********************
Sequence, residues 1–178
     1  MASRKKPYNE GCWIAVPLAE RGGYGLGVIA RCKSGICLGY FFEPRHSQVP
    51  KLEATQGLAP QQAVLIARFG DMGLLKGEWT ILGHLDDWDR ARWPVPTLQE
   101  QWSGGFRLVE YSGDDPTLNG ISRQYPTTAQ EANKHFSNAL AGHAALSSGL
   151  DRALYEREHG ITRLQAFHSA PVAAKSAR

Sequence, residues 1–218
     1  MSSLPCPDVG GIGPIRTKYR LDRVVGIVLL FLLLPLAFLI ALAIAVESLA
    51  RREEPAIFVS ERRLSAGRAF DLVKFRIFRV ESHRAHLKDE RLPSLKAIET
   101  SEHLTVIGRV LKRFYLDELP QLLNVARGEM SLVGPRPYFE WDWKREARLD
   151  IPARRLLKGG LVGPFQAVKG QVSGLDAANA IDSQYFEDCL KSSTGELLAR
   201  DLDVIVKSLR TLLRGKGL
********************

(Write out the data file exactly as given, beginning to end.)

Sequence, residues 1–178
     1  MASRKKPYNE GCWIAVPLAE RGGYGLGVIA RCKSGICLGY FFEPRHSQVP
    51  KLEATQGLAP QQAVLIARFG DMGLLKGEWT ILGHLDDWDR ARWPVPTLQE
   101  QWSGGFRLVE YSGDDPTLNG ISRQYPTTAQ EANKHFSNAL AGHAALSSGL
   151  DRALYEREHG ITRLQAFHSA PVAAKSAR

Sequence, residues 1–218
     1  MSSLPCPDVG GIGPIRTKYR LDRVVGIVLL FLLLPLAFLI ALAIAVESLA
    51  RREEPAIFVS ERRLSAGRAF DLVKFRIFRV ESHRAHLKDE RLPSLKAIET
   101  SEHLTVIGRV LKRFYLDELP QLLNVARGEM SLVGPRPYFE WDWKREARLD
   151  IPARRLLKGG LVGPFQAVKG QVSGLDAANA IDSQYFEDCL KSSTGELLAR
   201  DLDVIVKSLR TLLRGKGL